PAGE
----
Forked path Solving readers’ dining-out dilemmas Other red meat becoming harder to find

Harold’s Cabin, at the corner of President and Congress streets in downtown Charleston, is one of the area’s only remaining sellers of buffalo burgers.

Q: Hi Hanna. Is there a restaurant in Charleston that serves tasty bison burgers?

A: Can I talk you out of one of those adjectives? I don’t think of bison burgers as particularly tasty, and I really like healthy food. Bison has about half as much fat as beef, which makes it a prime candidate for overcooking. And when Consumer Reports in 2013 subjected beef and buffalo to a blind tasting, judges reported the buffalo had a slight livery flavor and metallic tang. But bison has its advantages: The meat has more protein than ground turkey, and some eaters take comfort in the fact that it’s illegal to use growth hormones in buffalo.

Three years ago, Triangle Char & Bar served 50 pounds of buffalo burgers a week. The “Home on the Range” sandwich still surfaces on special occasions, but a manger reached at the West Ashley location said she hadn’t seen it in a while, theorizing the restaurant ran into supply problems. Even at the peak of the burger’s popularity, Triangle’s director of operations described the item as a loss leader, telling The Post and Courier that bison cost $2 more per pound than beef.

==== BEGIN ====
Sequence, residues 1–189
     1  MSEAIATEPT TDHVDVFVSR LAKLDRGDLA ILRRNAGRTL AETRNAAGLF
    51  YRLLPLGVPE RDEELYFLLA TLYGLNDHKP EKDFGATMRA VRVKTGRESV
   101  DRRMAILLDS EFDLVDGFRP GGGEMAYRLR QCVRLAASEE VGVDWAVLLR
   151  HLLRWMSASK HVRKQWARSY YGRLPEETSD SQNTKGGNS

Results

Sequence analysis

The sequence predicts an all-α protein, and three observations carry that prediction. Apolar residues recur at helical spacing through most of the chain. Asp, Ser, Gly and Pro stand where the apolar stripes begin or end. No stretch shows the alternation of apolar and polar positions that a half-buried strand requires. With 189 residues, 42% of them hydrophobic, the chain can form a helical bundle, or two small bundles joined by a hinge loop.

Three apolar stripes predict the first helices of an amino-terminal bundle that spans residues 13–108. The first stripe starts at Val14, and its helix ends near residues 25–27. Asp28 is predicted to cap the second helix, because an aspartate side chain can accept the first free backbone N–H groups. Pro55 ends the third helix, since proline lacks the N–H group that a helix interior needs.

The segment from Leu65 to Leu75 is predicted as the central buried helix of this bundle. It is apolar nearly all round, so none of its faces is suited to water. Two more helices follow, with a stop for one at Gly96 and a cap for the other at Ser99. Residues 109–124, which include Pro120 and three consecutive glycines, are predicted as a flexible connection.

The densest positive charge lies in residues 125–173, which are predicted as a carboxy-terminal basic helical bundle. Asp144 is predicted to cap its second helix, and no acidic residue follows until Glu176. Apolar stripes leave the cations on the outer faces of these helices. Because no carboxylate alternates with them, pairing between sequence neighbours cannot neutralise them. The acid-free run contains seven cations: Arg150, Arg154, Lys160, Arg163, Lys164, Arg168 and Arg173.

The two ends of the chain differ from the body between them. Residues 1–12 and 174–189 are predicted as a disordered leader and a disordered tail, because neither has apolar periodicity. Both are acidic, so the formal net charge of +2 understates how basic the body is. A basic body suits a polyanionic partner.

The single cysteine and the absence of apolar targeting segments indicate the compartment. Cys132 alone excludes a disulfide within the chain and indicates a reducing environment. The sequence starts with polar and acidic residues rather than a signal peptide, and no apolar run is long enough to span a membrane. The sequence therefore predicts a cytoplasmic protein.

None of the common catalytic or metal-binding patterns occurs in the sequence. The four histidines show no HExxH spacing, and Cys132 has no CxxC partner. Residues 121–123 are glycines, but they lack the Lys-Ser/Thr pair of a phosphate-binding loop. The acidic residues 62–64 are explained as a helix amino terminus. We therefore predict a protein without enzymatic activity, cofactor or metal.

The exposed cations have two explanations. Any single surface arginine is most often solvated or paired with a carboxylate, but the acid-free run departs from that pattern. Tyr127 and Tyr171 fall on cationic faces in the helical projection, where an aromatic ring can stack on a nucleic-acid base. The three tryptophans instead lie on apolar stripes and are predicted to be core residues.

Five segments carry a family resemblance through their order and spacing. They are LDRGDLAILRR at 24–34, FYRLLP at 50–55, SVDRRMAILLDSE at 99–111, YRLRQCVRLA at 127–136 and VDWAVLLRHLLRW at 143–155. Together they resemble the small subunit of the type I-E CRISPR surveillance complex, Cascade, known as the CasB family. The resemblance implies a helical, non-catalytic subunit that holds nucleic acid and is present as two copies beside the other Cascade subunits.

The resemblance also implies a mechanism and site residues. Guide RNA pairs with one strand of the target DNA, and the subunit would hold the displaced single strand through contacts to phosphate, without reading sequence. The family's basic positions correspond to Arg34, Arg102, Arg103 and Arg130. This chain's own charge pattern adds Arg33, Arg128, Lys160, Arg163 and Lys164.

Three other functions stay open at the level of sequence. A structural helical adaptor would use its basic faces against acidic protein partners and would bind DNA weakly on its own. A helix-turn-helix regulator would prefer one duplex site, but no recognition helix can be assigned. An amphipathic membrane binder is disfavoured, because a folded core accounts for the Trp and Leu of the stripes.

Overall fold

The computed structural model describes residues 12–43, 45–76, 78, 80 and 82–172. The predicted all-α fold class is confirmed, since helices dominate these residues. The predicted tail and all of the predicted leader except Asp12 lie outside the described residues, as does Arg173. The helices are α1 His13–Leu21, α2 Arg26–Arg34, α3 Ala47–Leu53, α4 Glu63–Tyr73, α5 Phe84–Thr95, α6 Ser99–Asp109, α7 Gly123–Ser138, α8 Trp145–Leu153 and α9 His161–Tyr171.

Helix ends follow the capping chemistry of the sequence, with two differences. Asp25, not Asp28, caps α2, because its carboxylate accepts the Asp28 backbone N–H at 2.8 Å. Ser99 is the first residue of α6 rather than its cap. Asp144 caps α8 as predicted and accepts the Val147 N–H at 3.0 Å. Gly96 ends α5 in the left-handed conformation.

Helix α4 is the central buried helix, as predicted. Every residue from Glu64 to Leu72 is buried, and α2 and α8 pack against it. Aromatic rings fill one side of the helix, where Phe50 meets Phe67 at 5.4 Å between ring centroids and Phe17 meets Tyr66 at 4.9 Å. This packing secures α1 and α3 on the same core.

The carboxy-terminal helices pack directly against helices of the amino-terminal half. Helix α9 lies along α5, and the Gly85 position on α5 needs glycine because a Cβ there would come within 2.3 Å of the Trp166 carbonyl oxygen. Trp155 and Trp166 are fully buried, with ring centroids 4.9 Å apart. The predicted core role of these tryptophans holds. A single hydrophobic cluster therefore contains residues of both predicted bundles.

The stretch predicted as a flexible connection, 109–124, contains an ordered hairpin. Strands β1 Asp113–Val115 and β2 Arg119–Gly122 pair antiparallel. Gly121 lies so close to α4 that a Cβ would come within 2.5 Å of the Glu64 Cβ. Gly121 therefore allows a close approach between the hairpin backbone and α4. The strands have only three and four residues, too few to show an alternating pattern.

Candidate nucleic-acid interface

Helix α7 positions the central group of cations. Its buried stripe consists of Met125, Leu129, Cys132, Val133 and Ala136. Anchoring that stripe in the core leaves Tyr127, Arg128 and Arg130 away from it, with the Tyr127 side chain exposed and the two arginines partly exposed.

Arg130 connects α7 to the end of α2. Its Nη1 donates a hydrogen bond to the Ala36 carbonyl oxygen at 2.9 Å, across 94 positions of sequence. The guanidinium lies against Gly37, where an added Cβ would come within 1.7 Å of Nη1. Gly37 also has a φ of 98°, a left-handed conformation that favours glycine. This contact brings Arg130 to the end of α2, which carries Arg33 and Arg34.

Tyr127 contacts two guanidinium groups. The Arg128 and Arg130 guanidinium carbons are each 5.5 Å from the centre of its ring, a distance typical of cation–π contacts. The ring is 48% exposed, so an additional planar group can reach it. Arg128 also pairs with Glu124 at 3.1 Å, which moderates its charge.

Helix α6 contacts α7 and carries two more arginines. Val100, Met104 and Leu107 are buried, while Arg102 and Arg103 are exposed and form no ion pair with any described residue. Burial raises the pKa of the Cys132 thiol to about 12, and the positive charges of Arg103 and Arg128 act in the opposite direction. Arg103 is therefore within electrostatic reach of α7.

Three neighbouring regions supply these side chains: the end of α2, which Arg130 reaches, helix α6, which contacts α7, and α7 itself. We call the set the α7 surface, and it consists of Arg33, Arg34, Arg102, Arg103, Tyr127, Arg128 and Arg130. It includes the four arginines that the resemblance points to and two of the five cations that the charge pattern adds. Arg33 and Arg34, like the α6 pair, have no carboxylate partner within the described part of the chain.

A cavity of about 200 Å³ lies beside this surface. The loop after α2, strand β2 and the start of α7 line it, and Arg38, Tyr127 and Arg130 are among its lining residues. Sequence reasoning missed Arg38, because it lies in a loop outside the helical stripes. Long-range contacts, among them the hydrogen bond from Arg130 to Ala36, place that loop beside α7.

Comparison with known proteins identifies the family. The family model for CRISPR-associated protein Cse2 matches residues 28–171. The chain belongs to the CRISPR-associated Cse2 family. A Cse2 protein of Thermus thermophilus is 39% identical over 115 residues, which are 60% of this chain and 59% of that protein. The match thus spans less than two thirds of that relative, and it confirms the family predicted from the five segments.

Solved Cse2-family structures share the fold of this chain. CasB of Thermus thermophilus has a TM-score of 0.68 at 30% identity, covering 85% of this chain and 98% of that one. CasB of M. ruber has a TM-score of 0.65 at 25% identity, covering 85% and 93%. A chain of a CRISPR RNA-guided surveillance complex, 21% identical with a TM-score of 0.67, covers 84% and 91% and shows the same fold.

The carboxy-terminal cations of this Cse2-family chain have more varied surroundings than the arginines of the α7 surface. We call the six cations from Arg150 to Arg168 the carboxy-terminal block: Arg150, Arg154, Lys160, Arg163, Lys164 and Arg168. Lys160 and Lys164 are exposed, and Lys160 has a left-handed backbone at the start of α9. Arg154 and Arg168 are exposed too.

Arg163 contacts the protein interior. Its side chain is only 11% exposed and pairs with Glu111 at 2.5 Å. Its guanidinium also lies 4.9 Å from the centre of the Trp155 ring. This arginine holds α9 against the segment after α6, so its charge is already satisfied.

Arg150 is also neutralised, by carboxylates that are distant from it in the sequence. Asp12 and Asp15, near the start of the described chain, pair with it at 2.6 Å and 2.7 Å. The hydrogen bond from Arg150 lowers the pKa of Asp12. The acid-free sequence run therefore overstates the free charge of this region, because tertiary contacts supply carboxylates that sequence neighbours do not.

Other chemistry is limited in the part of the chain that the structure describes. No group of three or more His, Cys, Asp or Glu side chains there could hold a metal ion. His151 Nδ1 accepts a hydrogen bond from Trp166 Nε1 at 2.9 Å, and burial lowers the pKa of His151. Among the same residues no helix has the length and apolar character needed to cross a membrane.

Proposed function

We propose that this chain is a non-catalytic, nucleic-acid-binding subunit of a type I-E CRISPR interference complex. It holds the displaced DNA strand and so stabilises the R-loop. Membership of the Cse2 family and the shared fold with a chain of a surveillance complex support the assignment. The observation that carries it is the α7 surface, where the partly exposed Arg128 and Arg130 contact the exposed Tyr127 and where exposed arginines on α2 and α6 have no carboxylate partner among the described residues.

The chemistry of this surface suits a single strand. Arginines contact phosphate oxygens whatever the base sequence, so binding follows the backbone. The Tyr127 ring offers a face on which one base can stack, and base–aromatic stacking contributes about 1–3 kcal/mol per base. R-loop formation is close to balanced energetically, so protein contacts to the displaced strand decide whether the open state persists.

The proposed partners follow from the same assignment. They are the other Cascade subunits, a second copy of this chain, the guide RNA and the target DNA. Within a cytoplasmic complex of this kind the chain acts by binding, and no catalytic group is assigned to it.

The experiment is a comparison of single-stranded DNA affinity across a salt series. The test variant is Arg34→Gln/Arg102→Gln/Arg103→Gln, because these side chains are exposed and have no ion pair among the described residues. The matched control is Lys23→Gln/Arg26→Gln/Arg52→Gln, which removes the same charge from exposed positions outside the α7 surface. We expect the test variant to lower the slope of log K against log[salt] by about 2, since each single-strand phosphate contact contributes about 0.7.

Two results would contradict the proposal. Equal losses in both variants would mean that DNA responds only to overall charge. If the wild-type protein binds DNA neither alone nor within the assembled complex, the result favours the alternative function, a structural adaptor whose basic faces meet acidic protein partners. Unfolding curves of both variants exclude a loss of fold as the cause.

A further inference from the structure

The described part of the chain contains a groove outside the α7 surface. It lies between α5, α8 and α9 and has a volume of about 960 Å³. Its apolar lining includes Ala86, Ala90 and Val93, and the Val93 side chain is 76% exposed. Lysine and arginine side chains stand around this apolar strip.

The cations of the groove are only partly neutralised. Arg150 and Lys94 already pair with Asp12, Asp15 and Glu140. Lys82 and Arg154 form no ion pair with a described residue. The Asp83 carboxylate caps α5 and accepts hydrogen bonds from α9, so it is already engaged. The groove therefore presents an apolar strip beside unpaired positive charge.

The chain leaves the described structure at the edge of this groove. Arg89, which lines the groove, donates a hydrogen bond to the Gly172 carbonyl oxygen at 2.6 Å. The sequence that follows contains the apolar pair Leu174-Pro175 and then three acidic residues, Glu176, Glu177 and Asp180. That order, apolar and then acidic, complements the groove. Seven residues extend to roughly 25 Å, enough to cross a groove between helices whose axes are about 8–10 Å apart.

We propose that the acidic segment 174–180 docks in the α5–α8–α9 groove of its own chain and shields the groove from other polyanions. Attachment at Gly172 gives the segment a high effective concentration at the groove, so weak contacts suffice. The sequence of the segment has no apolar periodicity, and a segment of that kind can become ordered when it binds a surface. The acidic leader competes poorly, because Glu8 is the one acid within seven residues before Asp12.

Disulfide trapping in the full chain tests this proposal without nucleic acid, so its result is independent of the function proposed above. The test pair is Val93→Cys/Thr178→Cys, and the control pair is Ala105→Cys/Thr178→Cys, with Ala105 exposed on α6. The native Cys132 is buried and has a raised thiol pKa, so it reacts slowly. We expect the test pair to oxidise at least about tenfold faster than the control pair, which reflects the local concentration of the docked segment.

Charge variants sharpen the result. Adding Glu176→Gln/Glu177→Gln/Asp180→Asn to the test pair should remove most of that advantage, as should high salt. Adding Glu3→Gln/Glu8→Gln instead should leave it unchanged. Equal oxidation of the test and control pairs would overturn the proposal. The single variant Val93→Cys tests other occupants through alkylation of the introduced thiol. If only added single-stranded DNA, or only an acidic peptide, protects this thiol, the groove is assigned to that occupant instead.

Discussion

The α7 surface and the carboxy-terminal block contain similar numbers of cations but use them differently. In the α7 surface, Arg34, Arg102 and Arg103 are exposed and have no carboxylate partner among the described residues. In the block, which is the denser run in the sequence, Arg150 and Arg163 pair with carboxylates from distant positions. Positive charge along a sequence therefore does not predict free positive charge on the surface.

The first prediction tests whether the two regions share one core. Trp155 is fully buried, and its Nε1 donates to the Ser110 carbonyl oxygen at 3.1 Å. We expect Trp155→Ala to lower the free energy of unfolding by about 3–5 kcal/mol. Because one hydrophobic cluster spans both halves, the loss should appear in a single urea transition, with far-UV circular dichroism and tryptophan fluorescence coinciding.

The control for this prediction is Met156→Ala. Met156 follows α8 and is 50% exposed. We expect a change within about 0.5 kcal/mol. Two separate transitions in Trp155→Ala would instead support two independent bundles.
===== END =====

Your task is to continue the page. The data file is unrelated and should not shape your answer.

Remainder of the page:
Buffalo burgers were briefly available at Wild Buffalo Steakhouse, but the North Charleston restaurant closed soon after opening. Bison meat patties also have been discontinued at Big Gun, Fuel and SOL, leaving Big Billy’s Burger Joint and Harold’s Cabin among the area’s only remaining bison burger purveyors. The $12 burger at Harold’s Cabin is topped with smoked cheddar and served on a brioche roll.

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